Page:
Thinking about it, I’d like to toss out a possible explanation, and that’s one of generation. The DC characters, as the prototypical superheroes, inevitably are first archetypes of a sort and characters second. For the Golden Age characters, the basic point of reference is the circus, a common enough cultural experience in the 1930s. The costumes are all more or less based on the strongman/acrobat model; Batman’s not wearing body armor in Detective Comics #27, he’s wearing a leotard. The types of characters are all basically that, types — Superman’s origin is all of half a page in Action Comics #1, and the point isn’t to give him a psychology, the point is to explain why he’s got super-strength. He’s a strongman; Batman’s a detective and an acrobat, a mixture of Sherlock Holmes and Zorro; Wonder Woman is a goddess, again in a circus performer’s costume; the Jay Garrick Flash is a combination scientist and and college athlete, dressed up as Mercury; the Alan Scott Green Lantern is basically a wizard-type of character. The alter-egos are also essentially types; Clark Kent is a reporter (the trappings of which very much date the character and are not easily transferrable to the popular imagery of journalism of 2013 — it’s more Matt Drudge than Cary Grant), Bruce Wayne is an aristocrat, Diana Prince a nurse — and the 1950s revamps of Flash and Green Lantern keep this going, with Barry Allen as a police scientist and Hal Jordan as the ultimate manly man of the 1950s, a test pilot.

By contrast, being a generation later, the methodology has developed somewhat, and while the Marvel characters all certainly have some basis in types — mostly the “scientist” type — from the get-go they’re made into more than types by flaws and deformity. Peter Parker is a geeky high school kid whose powers convince him just long enough that he’s better than everybody else for it to cost his Uncle Ben his life. Tony Stark is a genius weapons engineer and industrialist whose talents are turned against him. Bruce Banner set free his own inner demon. And so on. If, as William Faulkner once said, drama is the human heart in conflict with itself, then one can argue that the Marvel characters are fundamentally more dramatic.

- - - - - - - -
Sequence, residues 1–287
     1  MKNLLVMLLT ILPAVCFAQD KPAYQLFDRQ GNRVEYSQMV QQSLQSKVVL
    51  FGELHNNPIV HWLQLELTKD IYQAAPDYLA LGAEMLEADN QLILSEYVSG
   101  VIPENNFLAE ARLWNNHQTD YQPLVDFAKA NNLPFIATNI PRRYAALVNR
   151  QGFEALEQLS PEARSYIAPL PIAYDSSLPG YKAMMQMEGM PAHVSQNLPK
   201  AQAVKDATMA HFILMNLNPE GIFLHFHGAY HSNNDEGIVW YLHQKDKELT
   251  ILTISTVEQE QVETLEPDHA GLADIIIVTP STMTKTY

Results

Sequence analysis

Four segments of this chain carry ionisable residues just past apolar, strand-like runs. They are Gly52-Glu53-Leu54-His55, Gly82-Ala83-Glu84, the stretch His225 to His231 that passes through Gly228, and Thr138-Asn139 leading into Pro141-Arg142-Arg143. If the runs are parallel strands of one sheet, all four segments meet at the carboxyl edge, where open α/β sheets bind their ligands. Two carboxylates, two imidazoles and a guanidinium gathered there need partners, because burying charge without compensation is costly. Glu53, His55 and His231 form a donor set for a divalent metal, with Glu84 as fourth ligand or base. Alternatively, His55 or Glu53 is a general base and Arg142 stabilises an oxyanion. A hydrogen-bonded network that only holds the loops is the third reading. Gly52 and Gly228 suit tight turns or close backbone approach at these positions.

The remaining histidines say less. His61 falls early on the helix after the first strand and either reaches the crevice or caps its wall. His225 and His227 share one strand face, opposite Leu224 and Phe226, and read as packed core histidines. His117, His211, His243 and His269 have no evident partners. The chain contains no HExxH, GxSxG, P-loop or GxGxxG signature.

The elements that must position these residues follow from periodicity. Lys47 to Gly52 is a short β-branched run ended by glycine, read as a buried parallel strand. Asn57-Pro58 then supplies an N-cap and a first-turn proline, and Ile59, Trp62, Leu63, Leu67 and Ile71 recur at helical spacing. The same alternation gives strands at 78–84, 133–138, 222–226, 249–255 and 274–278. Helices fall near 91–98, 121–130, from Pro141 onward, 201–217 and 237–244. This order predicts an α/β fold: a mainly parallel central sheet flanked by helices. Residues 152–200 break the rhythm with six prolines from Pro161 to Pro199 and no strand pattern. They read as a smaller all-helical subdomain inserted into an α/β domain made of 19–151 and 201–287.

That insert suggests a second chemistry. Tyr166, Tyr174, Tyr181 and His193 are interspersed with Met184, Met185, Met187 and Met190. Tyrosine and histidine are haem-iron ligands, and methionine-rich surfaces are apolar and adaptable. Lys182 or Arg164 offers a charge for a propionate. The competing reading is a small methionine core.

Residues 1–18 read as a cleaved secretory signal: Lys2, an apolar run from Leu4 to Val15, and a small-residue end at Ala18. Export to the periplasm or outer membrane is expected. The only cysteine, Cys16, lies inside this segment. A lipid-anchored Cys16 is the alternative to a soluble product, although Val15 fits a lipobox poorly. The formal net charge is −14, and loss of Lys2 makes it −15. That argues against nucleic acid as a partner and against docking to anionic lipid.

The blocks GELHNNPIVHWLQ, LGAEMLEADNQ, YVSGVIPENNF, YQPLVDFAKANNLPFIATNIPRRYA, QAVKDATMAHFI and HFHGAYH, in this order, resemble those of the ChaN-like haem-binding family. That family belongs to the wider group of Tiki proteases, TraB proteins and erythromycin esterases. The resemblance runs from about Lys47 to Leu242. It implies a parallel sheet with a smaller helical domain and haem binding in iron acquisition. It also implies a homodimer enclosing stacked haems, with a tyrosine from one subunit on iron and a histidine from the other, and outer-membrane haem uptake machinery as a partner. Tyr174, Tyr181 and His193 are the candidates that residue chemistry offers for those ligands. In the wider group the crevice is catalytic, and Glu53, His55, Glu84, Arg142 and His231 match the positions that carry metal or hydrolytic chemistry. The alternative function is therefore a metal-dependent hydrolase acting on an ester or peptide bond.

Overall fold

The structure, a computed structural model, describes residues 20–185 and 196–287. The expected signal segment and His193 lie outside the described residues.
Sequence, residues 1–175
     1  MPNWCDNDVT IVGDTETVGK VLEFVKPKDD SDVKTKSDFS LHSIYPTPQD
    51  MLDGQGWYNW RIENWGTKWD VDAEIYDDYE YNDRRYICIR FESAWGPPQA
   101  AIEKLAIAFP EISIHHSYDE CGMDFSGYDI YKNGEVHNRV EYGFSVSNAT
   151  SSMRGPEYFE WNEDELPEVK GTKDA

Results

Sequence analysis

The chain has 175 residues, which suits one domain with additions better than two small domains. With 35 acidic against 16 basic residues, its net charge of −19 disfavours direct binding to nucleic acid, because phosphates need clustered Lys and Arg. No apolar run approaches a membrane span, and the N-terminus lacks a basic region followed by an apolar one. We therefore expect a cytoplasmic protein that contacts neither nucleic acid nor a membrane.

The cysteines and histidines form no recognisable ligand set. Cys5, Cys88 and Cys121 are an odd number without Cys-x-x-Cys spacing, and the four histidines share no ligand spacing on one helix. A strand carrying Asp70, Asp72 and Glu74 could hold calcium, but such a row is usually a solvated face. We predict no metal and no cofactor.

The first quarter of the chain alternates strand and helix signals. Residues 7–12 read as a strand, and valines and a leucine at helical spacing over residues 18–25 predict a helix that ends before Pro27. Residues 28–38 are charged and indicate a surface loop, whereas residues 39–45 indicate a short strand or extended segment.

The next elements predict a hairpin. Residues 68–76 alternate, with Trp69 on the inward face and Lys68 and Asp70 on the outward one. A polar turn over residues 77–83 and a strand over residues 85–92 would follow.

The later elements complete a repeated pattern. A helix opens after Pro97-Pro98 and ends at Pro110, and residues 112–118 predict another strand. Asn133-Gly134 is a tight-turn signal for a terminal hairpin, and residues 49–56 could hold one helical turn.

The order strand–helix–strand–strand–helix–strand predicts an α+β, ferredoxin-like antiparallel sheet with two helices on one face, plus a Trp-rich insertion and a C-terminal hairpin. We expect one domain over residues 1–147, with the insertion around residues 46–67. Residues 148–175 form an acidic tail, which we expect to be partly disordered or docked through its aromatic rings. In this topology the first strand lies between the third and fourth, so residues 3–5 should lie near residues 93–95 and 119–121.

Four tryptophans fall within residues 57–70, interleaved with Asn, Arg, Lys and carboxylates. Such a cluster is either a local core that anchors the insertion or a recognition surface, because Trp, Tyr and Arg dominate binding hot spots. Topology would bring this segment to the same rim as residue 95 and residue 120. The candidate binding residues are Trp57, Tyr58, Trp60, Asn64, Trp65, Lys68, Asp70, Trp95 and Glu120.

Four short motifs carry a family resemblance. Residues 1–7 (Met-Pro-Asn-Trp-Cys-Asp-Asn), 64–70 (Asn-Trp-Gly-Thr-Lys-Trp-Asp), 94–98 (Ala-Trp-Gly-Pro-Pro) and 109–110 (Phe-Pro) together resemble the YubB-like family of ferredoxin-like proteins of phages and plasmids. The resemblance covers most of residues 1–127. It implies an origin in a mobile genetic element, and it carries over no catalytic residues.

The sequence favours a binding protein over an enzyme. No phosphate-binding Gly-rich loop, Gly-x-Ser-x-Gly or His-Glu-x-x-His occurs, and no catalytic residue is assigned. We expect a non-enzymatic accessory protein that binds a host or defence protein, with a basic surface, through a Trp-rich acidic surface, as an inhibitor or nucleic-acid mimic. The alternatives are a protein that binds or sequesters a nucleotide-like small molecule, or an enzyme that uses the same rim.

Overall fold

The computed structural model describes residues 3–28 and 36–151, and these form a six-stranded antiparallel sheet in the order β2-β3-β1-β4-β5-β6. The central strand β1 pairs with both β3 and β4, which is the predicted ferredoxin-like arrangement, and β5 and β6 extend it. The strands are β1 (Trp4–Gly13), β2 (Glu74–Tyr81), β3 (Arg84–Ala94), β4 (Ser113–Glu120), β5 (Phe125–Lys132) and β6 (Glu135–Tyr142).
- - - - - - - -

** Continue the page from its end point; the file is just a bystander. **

From this perspective, the problem with the DC characters maybe becomes a bit more evident. The whole premise of the Hal Jordan Green Lantern is that he is supposed to be without fear; that rather makes inner conflict a tougher nut to crack, dramatically. (And the film was hampered by this problem — the cinematic Hal Jordan’s inner self-doubt, while perhaps more “cinematic”, completely undermined the foundations of the character. Ryan Reynolds did what he could, but the result was, rather than the human heart in conflict with itself, a movie plot in conflict with itself.) It also makes more sense why Batman has been the most successful of the various attempts, and in more than just one medium — of the Golden Age characters, he’s the one who actually has a personal internal conflict to resolve, and it’s an incredibly effective, primal one at that. Superman is much harder to make interesting in that regard; the 1978 film’s use of Jor-El and Pa Kent was a good storytelling move in terms of giving him an inner conflict, moral poles to bounce off of, and the trailers make it look as though Man of Steel will draw some of its drama from Philip Wylie’s 1931 novel Gladiator, one of Siegel and Schuster’s key sources, so we’ll see how that turns out — but at the same time, there’s simply no reason for Superman to be wearing body armor.